Backtrack Movie Review

Written by Karin Crighton

Released by Saban Films


Written and directed by Michael Petroni
2015, Rated R, 90 minutes
Theatrical and VOD release on February 26th, 2016

Adrien Brody as Peter Bower
Sam Neill as Duncan Stewart
Robin McLeavy as Barbara Henning
Bruce Spence as Felix



Evie died nearly a year ago, but Peter Bower can't let go. He believes it was his fault his daughter died; he took his eyes off her and her bicycle for just a moment that rainy morning, but that was all it took. He and his wife have relocated to a new town, necessitating a long train commute to work in Sydney, but he firmly wants to move on. It's just something about that train ride...something about his new patients...something about Elizabeth Valentine who keeps appearing in his office then disappearing...something about all of this isn't right. Figuring out why will take Peter back home, to the town and father he hasn't seen in years, and bring up memories he wished were dead and buried. But Elizabeth won't let him quit.

Peter is culpable in his daughter's death and his flatlining marriage, but as Backtrack progresses, we find out he was involved in a lot more. And the only way to escape his disturbing visions is to face up to his actions...but does even he know the full story?

Backtrack is well acted (Brody has resting sad face so he's always good as a tormented father), and the tension is thick as fog throughout the entire movie. Knowing there are secrets behind every corner but not knowing who is keeping them makes for an exciting, enthralling viewing experience. But my issue with this movie means I have to spoil the ending, so in short: it's a well-made movie, drags a bit in the middle, but well-acted and styled, dark/heavy creepy, not fun/popcorn scary. If you don't want to know any more, stop reading here.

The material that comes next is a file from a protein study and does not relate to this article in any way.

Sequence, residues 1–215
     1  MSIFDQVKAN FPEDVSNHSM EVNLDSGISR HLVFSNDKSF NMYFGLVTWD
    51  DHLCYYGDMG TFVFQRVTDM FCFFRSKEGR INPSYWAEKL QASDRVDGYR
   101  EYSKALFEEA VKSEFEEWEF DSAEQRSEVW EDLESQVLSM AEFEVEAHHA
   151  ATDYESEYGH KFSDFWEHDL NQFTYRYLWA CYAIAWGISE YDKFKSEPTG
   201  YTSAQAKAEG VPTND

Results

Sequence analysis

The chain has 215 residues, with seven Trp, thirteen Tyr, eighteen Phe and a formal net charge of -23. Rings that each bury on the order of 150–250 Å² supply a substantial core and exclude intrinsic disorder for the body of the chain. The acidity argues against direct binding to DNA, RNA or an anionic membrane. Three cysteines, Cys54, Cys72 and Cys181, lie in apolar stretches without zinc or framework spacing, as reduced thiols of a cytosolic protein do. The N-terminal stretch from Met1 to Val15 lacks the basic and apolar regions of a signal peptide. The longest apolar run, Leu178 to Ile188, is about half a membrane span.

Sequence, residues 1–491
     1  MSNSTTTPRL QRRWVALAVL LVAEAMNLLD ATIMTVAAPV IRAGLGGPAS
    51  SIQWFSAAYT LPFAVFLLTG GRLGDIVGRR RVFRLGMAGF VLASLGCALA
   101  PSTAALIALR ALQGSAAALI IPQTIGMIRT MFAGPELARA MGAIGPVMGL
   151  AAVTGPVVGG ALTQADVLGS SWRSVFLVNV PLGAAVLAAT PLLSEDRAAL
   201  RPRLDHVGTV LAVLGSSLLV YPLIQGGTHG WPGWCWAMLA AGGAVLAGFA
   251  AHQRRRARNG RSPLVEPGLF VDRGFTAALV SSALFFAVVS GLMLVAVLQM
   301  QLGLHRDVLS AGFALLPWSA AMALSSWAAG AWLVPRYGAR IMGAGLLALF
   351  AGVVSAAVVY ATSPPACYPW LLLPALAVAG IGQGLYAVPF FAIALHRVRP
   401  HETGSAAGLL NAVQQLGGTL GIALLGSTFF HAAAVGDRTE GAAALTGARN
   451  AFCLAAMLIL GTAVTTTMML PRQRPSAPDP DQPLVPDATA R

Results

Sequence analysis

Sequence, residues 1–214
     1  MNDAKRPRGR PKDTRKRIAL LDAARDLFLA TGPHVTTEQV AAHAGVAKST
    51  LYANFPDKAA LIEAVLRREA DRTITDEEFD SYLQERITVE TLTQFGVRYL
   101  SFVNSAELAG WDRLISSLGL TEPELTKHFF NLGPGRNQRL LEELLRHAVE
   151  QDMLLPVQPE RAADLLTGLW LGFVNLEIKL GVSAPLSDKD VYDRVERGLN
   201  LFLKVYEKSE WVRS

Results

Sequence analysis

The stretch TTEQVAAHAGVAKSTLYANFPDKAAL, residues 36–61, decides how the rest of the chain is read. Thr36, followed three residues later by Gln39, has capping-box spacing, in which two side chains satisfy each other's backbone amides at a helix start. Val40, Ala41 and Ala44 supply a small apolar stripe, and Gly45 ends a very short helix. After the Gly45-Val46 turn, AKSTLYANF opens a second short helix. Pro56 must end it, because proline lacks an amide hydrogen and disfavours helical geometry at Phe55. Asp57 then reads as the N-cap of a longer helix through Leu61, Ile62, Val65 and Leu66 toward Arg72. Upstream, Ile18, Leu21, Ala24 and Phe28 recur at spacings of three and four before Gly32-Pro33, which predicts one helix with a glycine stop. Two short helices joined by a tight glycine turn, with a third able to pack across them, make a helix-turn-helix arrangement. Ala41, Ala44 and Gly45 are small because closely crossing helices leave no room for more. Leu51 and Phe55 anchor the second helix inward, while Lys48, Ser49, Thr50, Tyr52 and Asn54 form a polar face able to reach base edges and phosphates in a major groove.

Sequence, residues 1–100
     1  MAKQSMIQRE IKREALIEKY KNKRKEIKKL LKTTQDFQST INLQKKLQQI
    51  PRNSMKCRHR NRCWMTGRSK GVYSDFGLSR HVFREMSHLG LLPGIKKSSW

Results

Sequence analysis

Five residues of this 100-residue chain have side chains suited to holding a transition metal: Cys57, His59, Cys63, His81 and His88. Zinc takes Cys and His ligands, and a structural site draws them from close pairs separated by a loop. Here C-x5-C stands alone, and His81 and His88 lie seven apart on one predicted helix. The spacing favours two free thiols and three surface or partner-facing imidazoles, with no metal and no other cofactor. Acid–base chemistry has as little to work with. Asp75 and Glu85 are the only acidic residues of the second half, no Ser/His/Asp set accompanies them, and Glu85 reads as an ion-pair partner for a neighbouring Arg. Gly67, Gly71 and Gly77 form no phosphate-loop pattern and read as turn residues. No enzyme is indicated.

The reason Peter doesn't really know why he's seeing these visions is because he's been traumatized; that night he saw his father rape and murder Elizabeth before tossing her body onto the train tracks to cover up the evidence. The newspaper shown in the movie reads that Elizabeth was missing for an astonishing 28 days before she is discovered amongst the crash victims. FOUR WEEKS. A child was missing for four weeks, tormented and tortured, and her story is reduced to a plot device so Adrian Brody can get over the death of his daughter. That sucks. If Backtrack is about getting to the truth, they failed.

Had her death been given the attention it deserved, this could have been a much stronger movie. Peter learning his father was actually a depraved killer and going on to find what other crimes he had committed would have been really interesting; this could have been a miniseries! His making right the atrocities of his father could have been his spiritual atonement for his role in Evie's death. It's a shame that doesn't happen. We're left with a shallow, “ready to face life again” moment that's as unsatisfying as knowing Bower probably got away with a lot more.



Perhaps we'll see a sequel where Robin McLeavy's Officer Henning is the lead and the story is willing to take us to those dark places the world so easily forgets. Maybe then the ghosts of those we've wronged will have their peace.



Movie: 2.5 Star Rating Cover

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